Community Management Doesn't Work. What Does?

Thomas Knoll (Advisor)
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While “Community Manager” is a popular job title these days, the collective nature of community makes it impossible for any individual or external force to create or truly manage one. But while you can’t make communities come together or control their cultures, you can influence their formation through the space you provide. In this session, Thomas Knoll, community architect for Zappos, will lead a large-scale discussion exploring these ideas for online communities.

Communities arise through the connections—purposes, stories, relationships—formed among groups of people. While “Community Manager” is a popular job title these days, the collective nature of community makes it impossible for any individual or external force to create or truly manage one. But while you can’t make communities come together or control their cultures, you can influence their formation through the space you provide. Picture the differences between a sports stadium and a theater—and how the design decisons affect the way people interact. In this session, Thomas Knoll, community architect for Zappos, will lead a large-scale discussion exploring these ideas for online communities. Come with your questions and ideas.

Photo of Thomas Knoll

Thomas Knoll

Advisor

Community Architect, Community Cultivator, and Customer development at brands including Zappos, UserVoice, and Seesmic.

While he has a technical background, he prefers to speak in gardening and architecture metaphors. He is inspired by storytelling, psychology, evangelism, architectural theory, social economics, game mechanics, cultural anthropology, compassion, and ants.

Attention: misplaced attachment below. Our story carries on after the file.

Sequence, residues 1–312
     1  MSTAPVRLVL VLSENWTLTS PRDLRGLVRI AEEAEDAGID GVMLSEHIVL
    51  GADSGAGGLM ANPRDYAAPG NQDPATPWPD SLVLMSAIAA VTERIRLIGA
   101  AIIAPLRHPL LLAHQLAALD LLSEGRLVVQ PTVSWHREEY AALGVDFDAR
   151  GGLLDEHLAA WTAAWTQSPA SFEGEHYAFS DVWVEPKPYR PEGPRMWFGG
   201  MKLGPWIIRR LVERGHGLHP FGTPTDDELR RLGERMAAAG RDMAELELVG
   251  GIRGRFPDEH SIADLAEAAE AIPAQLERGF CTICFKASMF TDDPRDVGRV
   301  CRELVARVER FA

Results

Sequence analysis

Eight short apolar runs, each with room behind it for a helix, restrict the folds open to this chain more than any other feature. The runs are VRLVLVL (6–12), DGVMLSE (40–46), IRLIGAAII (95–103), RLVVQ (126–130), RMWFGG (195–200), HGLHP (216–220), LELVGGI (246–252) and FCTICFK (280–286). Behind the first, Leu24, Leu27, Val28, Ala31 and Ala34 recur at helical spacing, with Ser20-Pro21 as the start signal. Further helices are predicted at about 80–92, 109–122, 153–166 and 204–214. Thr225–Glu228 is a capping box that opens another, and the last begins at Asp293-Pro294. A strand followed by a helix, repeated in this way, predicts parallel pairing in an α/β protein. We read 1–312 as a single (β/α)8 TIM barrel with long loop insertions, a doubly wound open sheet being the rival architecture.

He was studying to become a missionary, but left that path because he grew tired of the business of religion. Now, he helps businesses convert customers into communities of evangelists.

Oh, and he loves his internet friends, and falls in love with almost everyone he meets.

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Picture of Thomas Knoll
Thomas Knoll
03/29/2011 4:24pm PDT

Hey Mark, Thank you for asking. I can only share a portion of the presentation, which includes my part of the conversation:

  • We cannot manage communities. We CAN be intentional about the way we design space for our communities. #octribe bit.ly/fpQjQi
  • We cannot manage a communities attention, attitude, involvement, tone, or culture. We CAN architect spaces and design experiences. #octribe bit.ly/dF8uGJ
  • The word ‘community’ traces back to the Latin communitas. (cum, “with/together” + munus, “gift”) Thus says Wikipedia. #octribe bit.ly/gmmrfo
  • A community is created and managed by the community. (We have the privilege of sharing in those gifts.) #octribe bit.ly/eCj28x
  • What kind of space do you provide for your community? A Stadium? Theater? Lounge? Classroom? Library? Factory? Stage? ? #octribe bit.ly/dQ6Mhs
  • How do you think about lighting and visibility? What do you highlight? What do you conceal? What is transparent? Opaque? #octribe bit.ly/hvEPd3
  • How to do you think about resonance? What do you amplify? What do you dampen? Do you want a noisy hum? Or focused attention? #octribe bit.ly/eqbeQk
  • How do you think about the paths through your space? Where do you want people to slow down? Or to move through more quickly? #octribe bit.ly/fzdNQo
  • How do you think about your janitorial needs? i.e. How do you get rid of the shit? How do you make the place look welcoming? #octribe bit.ly/fLhhGg
  • Thank you. Thank you. Thank you to everyone who made the #octribe conversation at #w2e so interesting. I can’t wait to read your insights. bit.ly/gWmbt2

The rest of the presentation came from all the people in the ‘audience’ who participated in the conversations. Some of their insights can be found if you search the #octribe tag on twitter: bit.ly/ocTRIBE

Mark Dijksman
03/29/2011 3:17pm PDT

Can you please share your presentation?!

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